The 10-year framework of 6 programmes on sustainable consumption and production patterns (10YFP) is a global framework of action to enhance international cooperation and to accelerate the shift towards sustainable consumption and production (SCP), in both developed and developing countries.
At the United Nations Conference on Sustainable Development (Rio+20) in 2012, heads of state adopted the 10-Year Framework of Programmes on sustainable consumption and production patterns (10YFP), a global framework for action to accelerate the shift towards SCP in both developed and developing countries.
One of the programmes within 10YFP is the sustainable food systems programme (SFS), for which James Lomax is a focal point, who starts the interview by revealing that this aspect of the UN’s work was very much aimed at bringing these ideas into policy-making. He then tells us about the concrete activities of the SFS programme, in his own words.
“The SFS programme is there to address the fact that current food and agriculture systems – from production to consumption are failing in many ways. For example, in some parts of the world, they are leaving people hungry whereas in some places, obese and everything in between. At the same time, the food system causes much environmental degradation so, within that brief, UN Environment is working on the activities within the SFS programme’s 5 themes.
The first theme is around getting people to eat better, which could be described as sustainable nutrition. But what does that mean? It means more balanced diets and with less animal protein, – how to encourage people to move away from consuming processed foods and also to choose sustainably grown foods. Together this would mean more sustainable diets that are good for people and for the planet. The second point is around reducing food losses and waste, indeed as you know 30% of food produced it not eaten.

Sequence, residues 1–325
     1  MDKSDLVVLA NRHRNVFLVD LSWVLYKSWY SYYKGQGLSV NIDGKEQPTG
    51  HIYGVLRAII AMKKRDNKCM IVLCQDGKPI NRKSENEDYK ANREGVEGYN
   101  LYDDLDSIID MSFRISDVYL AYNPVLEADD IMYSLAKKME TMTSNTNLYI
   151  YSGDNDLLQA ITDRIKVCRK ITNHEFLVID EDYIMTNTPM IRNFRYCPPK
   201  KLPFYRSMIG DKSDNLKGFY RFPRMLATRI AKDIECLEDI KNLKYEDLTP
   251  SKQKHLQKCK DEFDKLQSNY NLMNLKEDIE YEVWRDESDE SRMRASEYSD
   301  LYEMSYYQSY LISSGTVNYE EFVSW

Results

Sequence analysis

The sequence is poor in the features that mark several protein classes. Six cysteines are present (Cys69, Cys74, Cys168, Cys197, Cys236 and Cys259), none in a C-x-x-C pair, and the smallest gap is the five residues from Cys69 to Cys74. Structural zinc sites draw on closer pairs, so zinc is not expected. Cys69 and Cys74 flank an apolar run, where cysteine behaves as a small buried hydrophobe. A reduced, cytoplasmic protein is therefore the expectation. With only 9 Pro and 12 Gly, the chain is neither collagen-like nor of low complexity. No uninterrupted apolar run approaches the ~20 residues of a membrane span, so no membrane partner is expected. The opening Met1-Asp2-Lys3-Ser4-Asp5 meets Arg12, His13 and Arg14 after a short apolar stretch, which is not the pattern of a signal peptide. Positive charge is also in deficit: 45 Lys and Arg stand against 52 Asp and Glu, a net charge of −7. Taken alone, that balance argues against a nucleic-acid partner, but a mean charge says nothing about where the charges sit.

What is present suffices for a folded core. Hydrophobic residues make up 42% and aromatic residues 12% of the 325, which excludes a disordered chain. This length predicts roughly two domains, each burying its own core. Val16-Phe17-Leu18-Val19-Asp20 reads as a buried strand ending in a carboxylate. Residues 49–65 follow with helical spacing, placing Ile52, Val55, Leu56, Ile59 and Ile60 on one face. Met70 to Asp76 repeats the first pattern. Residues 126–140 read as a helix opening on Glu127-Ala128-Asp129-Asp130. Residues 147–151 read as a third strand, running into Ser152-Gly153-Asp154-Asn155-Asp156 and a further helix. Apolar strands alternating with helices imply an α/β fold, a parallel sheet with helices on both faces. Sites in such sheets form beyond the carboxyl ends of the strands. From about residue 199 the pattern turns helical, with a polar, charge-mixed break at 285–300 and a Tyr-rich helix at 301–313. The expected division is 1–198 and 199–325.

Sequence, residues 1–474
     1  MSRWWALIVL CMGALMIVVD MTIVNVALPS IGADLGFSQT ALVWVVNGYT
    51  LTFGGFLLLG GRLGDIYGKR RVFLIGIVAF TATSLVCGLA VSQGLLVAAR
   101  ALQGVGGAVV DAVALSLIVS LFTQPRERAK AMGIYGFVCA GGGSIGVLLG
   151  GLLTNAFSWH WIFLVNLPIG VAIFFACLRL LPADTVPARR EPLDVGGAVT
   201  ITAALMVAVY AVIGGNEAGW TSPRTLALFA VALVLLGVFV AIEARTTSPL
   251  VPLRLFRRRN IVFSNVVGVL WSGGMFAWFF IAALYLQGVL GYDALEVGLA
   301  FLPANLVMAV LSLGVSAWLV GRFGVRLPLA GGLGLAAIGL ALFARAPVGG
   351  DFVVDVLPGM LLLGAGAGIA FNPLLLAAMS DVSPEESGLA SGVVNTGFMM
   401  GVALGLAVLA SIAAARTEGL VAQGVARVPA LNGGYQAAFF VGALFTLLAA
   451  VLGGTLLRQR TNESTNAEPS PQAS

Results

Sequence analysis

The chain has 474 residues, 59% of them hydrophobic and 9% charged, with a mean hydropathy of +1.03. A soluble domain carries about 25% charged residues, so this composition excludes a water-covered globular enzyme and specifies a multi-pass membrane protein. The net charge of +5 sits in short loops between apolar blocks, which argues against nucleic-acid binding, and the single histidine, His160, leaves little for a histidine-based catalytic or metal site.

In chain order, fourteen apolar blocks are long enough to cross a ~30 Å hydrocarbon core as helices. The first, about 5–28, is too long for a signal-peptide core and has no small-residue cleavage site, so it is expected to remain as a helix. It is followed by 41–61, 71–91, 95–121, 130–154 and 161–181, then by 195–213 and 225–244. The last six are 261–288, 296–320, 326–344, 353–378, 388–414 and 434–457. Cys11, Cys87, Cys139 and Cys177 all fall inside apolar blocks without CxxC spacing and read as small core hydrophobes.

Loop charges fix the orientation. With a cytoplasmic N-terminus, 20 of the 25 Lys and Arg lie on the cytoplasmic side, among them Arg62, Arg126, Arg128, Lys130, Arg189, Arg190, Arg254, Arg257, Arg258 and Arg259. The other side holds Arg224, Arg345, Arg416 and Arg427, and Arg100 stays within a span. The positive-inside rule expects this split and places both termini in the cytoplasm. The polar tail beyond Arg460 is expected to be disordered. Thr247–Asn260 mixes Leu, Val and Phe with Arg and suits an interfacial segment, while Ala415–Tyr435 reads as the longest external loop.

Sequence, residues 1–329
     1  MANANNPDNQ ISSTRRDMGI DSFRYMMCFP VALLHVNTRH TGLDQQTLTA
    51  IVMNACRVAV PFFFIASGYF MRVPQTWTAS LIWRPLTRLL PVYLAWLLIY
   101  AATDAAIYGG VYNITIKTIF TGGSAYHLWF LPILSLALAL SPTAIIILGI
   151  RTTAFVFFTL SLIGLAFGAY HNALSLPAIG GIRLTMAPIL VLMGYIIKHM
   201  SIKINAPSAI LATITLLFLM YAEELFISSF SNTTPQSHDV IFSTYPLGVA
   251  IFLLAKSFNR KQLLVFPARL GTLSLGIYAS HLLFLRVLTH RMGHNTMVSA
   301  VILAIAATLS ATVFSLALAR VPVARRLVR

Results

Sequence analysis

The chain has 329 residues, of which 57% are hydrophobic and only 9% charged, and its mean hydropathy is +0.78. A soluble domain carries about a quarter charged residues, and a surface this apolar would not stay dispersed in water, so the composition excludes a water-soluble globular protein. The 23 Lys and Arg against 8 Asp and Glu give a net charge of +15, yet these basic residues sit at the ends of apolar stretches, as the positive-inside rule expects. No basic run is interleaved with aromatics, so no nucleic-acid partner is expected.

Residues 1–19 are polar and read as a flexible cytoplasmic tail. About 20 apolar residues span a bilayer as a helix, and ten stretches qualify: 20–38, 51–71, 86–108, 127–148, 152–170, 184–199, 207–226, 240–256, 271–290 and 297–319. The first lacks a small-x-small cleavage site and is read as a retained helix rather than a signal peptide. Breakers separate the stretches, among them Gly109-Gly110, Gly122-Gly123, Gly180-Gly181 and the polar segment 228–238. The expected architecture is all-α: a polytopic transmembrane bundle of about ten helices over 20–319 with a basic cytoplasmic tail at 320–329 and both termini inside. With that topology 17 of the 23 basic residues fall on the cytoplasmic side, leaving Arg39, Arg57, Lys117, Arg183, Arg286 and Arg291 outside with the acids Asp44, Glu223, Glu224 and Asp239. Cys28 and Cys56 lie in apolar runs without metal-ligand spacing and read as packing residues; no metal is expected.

The third point is about sustainable supply chains and value, so how can they be more efficient and how can we bring in more sustainable markets to farmers? The fourth theme which is linked to the third is around agriculture and how can we make this sector more sustainable and encourage farmers to adopt more sustainable practices.
The fifth is a more overarching theme, which concerns enabling conditions and how to make food and agriculture policy-making more integrated. How can we bring in health practitioners into discussions about food production? How do we make food sector governance better from a sustainability angle? While it is all-encompassing – if all these things are done in the right way – then we can create a more transformative agenda.”
Elaborating on sustainability in terms of the process from farm to fork, Lomax explains that policymakers at a local and national level are not thinking in a cross-cutting way. For example, there is much silo thinking between agriculture and food policy makers, that prevent the development of holistic solutions and activities that positively impact agriculture, environment, business and human health.